Mayim Bialik has achieved a high level of fame in recent years for her portrayal of Dr. Amy Farrah Fowler on the mega-hit television show "The Big Bang Theory."
If her TV character's scientific intellectualizing sounds surprisingly authentic, it is because Bialik's acting expertise actually mirrors her professional credentials. In addition to being a neuroscientist on the small screen, she is one in real life as well, having earned both an undergraduate degree and Ph.D. from UCLA in the field.
Standing in contrast to many in the Hollywood community, Bialik is very thoughtful with regard to religion and takes her faith quite seriously. She has even used her fame to spread a message that is highly unique, if not altogether a rarity, when it comes to young actors, singers, and other entertainment professionals, in that she encourages modesty and chastity.
"Being a modest dresser, that for me is a certain amount of my religious faith — privacy and chastity. Just because I have a body, doesn't mean it means to be on display," Bialik told the Fox News website.
Refusing to bow to the notion that dressing in a more reserved style is simply a relic of a bygone era, Bialik is doing her part to promote modest dress, even in the Hollywood beltway.
"It's important, especially for children and men and my sons to hear I'm not ashamed of my body, I just don't feel the need to display it with two tiny pieces of fabric when I want to go swimming," Bialik explained.
Her approach to raising her children also differs from a majority of her left coast counterparts in that her children are part of a home schooling community and do not watch television. In fact, they have never seen the end products of their mother's latest successful TV run.
Bialik describes herself as an "aspiring Modern Orthodox" Jew and is candid about the challenges and difficulties with which religious adherents in the industry are confronted.
In an interview with the Jerusalem Post, Bialik was asked whether she could easily practice her Jewish faith in Hollywood.
"I would say that it's close to impossible," the actress replied. "There are Orthodox writers that I know and there are a couple of Orthodox producers. I think it's very hard being female and being in acting largely because of the publicity and the public aspects of it that revolve around a sense of fashion."
The pressure to conform to the entertainment industry's fashion dictates, which typically push the envelope of society's popular trends, frequently conflicts with Bialik's personal standards.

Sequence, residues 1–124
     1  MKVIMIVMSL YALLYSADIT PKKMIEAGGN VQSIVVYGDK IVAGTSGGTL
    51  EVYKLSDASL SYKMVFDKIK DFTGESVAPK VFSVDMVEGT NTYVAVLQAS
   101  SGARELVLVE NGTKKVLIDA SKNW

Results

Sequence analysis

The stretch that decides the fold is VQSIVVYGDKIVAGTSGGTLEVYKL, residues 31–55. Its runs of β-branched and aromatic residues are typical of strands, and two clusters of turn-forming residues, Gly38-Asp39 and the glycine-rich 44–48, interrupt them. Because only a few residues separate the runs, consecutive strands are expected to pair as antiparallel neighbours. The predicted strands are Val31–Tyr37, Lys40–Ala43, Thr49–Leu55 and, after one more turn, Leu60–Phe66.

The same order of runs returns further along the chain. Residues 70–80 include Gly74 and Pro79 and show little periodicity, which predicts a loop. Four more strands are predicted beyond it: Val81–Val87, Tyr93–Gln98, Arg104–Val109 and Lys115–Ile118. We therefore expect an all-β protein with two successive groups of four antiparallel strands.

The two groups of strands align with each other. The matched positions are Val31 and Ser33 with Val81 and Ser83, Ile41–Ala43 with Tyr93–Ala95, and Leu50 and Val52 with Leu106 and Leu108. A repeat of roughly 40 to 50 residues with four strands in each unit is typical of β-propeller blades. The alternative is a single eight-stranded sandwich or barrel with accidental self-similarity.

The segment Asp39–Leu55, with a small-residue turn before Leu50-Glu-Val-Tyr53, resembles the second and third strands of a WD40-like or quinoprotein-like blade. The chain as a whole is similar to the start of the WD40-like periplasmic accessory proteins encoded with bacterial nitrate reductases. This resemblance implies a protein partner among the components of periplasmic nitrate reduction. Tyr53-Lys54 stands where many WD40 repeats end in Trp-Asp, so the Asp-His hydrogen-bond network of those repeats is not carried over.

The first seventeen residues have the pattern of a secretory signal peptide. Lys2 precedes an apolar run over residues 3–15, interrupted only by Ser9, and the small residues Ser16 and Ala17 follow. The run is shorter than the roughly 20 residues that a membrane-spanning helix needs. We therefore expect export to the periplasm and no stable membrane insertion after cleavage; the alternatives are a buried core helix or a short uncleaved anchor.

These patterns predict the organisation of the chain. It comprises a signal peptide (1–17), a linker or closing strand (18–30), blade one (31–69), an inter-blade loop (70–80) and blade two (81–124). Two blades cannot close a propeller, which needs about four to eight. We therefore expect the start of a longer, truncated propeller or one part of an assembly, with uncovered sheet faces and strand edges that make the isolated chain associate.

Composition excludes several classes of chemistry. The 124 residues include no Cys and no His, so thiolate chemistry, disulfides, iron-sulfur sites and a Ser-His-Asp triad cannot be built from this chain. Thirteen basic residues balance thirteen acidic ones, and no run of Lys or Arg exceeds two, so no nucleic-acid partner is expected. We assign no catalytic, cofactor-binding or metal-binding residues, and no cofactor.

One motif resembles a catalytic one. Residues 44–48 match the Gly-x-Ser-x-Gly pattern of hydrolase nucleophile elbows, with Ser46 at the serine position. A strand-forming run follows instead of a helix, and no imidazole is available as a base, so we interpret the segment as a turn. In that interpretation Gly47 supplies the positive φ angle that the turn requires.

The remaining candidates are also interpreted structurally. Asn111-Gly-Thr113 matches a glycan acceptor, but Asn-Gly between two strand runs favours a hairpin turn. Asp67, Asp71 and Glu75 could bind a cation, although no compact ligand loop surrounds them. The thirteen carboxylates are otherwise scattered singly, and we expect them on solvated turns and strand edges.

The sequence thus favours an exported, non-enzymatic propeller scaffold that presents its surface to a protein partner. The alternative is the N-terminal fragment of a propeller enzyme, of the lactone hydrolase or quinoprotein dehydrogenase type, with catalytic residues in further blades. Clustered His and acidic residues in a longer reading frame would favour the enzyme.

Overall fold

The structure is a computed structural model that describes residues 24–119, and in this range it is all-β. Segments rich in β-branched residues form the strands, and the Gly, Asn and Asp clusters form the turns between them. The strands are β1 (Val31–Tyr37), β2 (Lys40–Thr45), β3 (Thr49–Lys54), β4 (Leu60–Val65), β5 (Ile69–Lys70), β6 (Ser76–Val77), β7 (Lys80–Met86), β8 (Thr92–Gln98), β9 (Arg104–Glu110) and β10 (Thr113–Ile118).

"It's more the aspects of the "the red carpet" and needing to wear designer clothes that are strapless, and all those things that I don't do and that are actually extremely stressful and difficult to work around because it is a big part of the industry," Bialik explained. "The goal is to be competitive."
The actress has written numerous articles for a parenting website, which have focused on issues that relate to the Jewish laws of modesty.
Bialik does not exactly expect that the faith-oriented state of mind is one that will eventually catch on in Tinseltown.
"I think in general it's never going to be trendy to be observant or religious in Hollywood circles," she told the Fox News site. "There are people I know of faith and we tend to congregate together. I study Jewish texts weekly. That's something really positive to me when you're a person of faith, it stays with you all the time."
Because of her own academic background and her additional celebrity image as a science scholar, Bialik is often questioned as to how she reconciles her scientific knowledge with a belief in God.
"Being a scientist and a person of faith . . . leads to a lot of interesting conversations that I welcome but a lot of people want to open up a conversation just to tell you, you're wrong," she said.
Despite some religiously-based ideological challenges and work environment hurdles, Bialik remains unshaken in her faith and undeterred in her outspokenness.
"I have an unwavering faith in a power greater than myself and I don't think that will change any more than my belief in gravity will change," she stated.
James Hirsen, J.D., M.A., in media psychology, is a New York Times best-selling author, media analyst, and law professor. Visit Newsmax TV Hollywood. Read more reports from James Hirsen — Click Here Now.
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